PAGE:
A new era of warfare began when the United States dropped the first atomic bomb on Hiroshima 70 years ago. While ordinary Japanese had grown used to seeing American bombers overhead, the hell on earth that was unleashed on August 6, 1945 eclipsed anything anyone had seen before.
Estimates suggest that at least 90,000 of Hiroshima’s 380,000 residents perished in the initial explosion. Over the months and years that followed, tens of thousands more perished from exposure to radiation. (Of course, the fire bombings of Tokyo are believed to have killed more people than the atomic bomb, but more slowly.)
The “Little Boy” bomb that exploded over Hiroshima and the “Fat Man” device dropped on Nagasaki two days later demonstrated the power of atomic weapons. Yet these bombs, both with an approximate yield of 15 kilotons, are quite small compared to modern nuclear weapons, which are approximately 30 times more powerful.
For humanity’s sake, we must do everything possible to ensure that nuclear weapons are never again used in war. The consequences are simply too grave.
As we look back on the seventieth anniversary of Hiroshima, some who advocate the abolition of nuclear weapons — like those from the “Global Zero” movement—will use graphic examples of the destruction wrought on Hiroshima to argue for the reduction and elimination of nuclear weapons. If we can just rid ourselves of these weapons, they argue, there will be no opportunity to use them.
They have learned the wrong lessons from the past.
History, experience and logic suggest that attempts to reduce the stockpile of nuclear warheads will backfire. Why? Adversaries who wish to launch a nuclear attack cannot do so without triggering an unimaginably terrible response. If our second-strike capability did not promise to wreak horrific death and destruction on aggressors—effects similar to those seen at Hiroshima and Nagasaki — the deterrence that saves us from such tragedies would be more likely to fail.
It is not just luck that the Cold War never went hot. During this period, the United States and Soviet Union went to great lengths to control the escalation of crises. The restraint showed in many instances was not due to a lack of a reason for conflict, but because the destructive power of nuclear weapons compelled both American and Soviet leaders to exercise caution.
The need for nuclear weapons did not end with the fall of the Soviet Union. In contrast to the arguments of those who would abolish them, these weapons are likely to play a more important role for the United States and its allies in the future. Why? We must now deal with adversaries who want to use their nuclear arsenals as substitutes for a relative disadvantage in conventional military power. Conventional wars could easily spiral into nuclear ones if the United States does not maintain its nuclear capability to deter them. In this context, we believe it is naive to suggest that the United States lead the way toward Global Zero by allowing its arsenal to atrophy and die.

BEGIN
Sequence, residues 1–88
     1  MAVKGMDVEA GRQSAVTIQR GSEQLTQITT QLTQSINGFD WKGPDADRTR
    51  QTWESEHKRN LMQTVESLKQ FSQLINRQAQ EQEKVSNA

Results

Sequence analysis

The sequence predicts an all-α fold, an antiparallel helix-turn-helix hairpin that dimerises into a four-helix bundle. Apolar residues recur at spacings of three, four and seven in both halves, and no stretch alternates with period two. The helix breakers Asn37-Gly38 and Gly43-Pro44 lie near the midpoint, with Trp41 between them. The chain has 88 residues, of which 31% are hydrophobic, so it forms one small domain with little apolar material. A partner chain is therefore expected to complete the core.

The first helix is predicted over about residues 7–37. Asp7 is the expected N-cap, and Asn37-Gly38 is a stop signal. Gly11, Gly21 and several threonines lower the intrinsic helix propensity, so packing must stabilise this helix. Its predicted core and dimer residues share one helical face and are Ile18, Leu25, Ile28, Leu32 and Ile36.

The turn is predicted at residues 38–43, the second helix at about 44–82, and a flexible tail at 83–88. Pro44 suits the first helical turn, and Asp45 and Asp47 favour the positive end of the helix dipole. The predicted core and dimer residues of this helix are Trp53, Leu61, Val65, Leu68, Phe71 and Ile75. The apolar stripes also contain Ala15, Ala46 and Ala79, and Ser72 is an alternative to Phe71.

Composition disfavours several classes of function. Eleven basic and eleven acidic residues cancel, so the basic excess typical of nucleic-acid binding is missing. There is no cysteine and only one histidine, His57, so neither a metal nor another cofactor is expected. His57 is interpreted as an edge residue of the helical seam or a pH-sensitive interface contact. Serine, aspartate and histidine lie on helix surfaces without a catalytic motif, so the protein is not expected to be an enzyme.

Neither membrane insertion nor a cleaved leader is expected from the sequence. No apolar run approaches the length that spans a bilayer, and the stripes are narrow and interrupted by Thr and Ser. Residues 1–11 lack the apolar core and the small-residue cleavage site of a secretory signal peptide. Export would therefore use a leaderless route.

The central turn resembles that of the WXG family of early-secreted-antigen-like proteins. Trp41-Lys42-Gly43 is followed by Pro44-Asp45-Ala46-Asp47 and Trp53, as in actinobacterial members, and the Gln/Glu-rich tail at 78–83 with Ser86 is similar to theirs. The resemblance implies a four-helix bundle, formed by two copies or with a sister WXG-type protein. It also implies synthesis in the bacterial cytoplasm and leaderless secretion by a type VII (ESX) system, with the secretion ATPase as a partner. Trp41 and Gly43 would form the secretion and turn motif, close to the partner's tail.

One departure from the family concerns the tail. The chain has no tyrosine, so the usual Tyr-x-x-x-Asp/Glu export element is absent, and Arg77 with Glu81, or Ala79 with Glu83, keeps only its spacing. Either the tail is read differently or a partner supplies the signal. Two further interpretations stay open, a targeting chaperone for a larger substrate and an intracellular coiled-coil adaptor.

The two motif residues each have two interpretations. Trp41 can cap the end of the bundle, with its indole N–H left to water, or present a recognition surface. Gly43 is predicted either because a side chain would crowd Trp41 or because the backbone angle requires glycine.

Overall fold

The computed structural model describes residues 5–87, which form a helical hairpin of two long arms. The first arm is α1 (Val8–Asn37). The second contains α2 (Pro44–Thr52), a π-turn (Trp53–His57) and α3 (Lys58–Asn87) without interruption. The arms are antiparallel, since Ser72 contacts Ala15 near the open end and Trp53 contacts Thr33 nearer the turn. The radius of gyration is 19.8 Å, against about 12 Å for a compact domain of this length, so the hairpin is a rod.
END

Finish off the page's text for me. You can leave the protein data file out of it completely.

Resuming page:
Even in a hypothetical world in which we could persuade all countries to give up their nuclear weapons and commit never to develop them again, history suggests that the world would likely become a less peaceful place. Nuclear weapons have helped to prevent large conventional wars among great powers like those that ravaged the world during the first half of the twentieth century. When two adversaries both possess nuclear weapons, they cannot undertake aggressive actions without risking escalation to a nuclear exchange.
There is no doubt that nuclear weapons are devastating weapons of war. They possess the power to destroy entire civilizations. They also produce radiological effects that can maim and kill for many years after they are used. This, horrible as it may seem, is exactly why we must keep them. The restraint they engender has saved the lives of countless millions — of that there can be no doubt.
Nuclear weapons will not deter every adversary in every situation. But they were never meant for this purpose. They do, however, deter those adversaries with the capability to pose an existential threat to the United States and its allies. Keeping these threats at bay is well worth the effort. The world is a safer and more peaceful place because of them.
Blake McMahon is a research professor at the Air Force Research Institute. Adam Lowther is director of the Air Force’s new School for Advanced Nuclear Deterrence Studies, designed to build an elite corps of strategic thinkers. And here’s the usual disclaimer: The views expressed in this article are those of the authors and do not reflect the official policy or position of the United States Air Force, Defense Department, or the US Government.